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Telematics in Insurance


Analytics and the Telematics Information Overload

By Stuart Rose, Global Insurance Marketing Director, SAS

Telematics is set to revolutionize the insurance industry, making it possible to develop more accurate pricing, improve risk management and better assess claims and therefore reduce losses. But is the industry prepared for it?

Since it first launched in 1998 by Progressive Insurance in the US, telematics technology has evolved significantly. In 2012, Progressive reported that it wrote over $1 billion in premium revenue for usage-based insurance policies, and by 2020 it is forecasted that more than 25 per cent of the US and Canadian auto insurance premium revenue will be generated via telematics, representing over $30 billion.

Insurers looking to adopt telematics will face three main data-related challenges: how to manage the huge amount of data created by the technology; how to extract value from the data, and how to turn data into KPIs and real-time pricing models.

Challenge 1: Data Overload

First let's look at the data deluge facing the insurance industry with the adoption of telematics. Telematics devices create a data record every second, which includes such information as date, time, speed, longitude, latitude, acceleration or deceleration (g-force), cumulative mileage and fuel consumption of the vehicle. From a data persective, these records or data sets can represent approximately 5 to 15 megabytes of data, per customer, per year depending on the frequency and length of insured trips. With a customer base of just 100,000 vehicles that adds up to more than 1 terabyte of data per year!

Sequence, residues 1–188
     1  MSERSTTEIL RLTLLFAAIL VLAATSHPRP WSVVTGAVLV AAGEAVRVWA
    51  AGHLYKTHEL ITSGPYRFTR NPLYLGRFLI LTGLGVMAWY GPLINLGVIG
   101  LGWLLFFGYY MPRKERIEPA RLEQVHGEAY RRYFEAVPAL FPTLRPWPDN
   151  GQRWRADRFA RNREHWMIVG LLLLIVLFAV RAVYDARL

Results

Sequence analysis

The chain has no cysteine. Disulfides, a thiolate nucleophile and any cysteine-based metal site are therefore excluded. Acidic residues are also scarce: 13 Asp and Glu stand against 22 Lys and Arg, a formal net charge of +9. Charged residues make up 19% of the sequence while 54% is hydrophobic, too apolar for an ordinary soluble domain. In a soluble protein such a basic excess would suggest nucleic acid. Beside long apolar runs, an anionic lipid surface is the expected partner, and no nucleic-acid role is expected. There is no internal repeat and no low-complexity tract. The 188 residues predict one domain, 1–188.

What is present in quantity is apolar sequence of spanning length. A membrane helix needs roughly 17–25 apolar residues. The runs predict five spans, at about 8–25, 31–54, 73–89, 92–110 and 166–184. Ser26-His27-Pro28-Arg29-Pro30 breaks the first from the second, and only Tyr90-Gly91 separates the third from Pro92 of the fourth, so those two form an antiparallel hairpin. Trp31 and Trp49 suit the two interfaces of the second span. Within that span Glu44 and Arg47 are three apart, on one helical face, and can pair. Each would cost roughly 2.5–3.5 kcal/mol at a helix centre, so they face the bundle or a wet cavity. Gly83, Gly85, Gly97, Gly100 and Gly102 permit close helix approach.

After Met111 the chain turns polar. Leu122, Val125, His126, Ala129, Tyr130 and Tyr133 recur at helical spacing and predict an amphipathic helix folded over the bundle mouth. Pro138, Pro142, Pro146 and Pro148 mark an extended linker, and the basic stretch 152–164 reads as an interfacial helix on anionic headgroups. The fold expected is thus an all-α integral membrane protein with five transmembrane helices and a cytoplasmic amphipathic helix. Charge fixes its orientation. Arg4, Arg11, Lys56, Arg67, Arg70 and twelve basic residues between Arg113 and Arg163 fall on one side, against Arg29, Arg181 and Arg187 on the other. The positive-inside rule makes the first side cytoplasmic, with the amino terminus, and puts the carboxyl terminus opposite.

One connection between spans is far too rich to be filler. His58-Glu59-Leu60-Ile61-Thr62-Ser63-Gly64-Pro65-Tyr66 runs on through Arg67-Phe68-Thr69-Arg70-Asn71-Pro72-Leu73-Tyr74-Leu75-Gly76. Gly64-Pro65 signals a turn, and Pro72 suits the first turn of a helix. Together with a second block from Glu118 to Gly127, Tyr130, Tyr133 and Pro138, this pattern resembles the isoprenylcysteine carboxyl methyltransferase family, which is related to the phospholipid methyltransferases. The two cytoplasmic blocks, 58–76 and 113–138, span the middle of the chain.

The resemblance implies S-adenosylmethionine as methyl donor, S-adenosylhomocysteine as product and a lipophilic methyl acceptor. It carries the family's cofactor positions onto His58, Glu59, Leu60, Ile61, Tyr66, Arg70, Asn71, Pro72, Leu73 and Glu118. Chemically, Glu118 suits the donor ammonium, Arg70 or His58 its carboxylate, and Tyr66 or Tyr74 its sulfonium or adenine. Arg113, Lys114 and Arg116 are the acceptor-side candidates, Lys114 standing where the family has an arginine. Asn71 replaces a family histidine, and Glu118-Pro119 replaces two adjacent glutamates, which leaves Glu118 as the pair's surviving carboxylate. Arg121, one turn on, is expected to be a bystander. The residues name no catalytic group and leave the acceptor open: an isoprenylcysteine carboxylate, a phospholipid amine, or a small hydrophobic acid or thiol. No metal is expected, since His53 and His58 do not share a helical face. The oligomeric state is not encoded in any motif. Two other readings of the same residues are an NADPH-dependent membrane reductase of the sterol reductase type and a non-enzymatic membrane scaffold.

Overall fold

Not only is there a huge amount of data associated with telematics, but the many different types of telematics devices also result in a wide variety of different data formats. This results in increased challenges such as cost, data quality issues from missing data, and complexity of bringing all the sources together for processing.

What can be done to overcome the overload? Insurers need to implement an enterprise-wide data management strategy. The strategy should provide a unified environment of solutions, tools and methodologies and workflows for managing the telematics data as a core asset. It consists of four key components:

  • Data integration: Improve the flow of accurate telematics information across the organization
  • Data quality: Ensure information integrity and excellence by managing the data quality life cycle
  • Enterprise data access: Manage the access and use of data across the enterprise
  • Master data management: Create a single, accurate and unified view of all the telematics data

Additionally, the data management strategy must be flexible and scalable to reduce the time and effort required to filter, aggregate and structure the exponential growth in telematics data.

Challenge 2: Turning information into insight

Data from telematics can help solve questions such as 'which driver is more dangerous, one that drives 5,000 kilometres annually on inner-city roads, or one that travels more than 20,000 kilometres on highways?' But with mountains of information available from telematics, how do insurers determine which variables are predictive or forecast driving behavior, claims experience and more?

In order to realize the revolutionary potential of telematics, insurance companies should use data exploration and analytics to mine the vast amount of data available then rank and weigh the hundreds of new variables generated. For example, insurers could use a correlation matrix to quickly identify which variables are related and the strength of the relationship.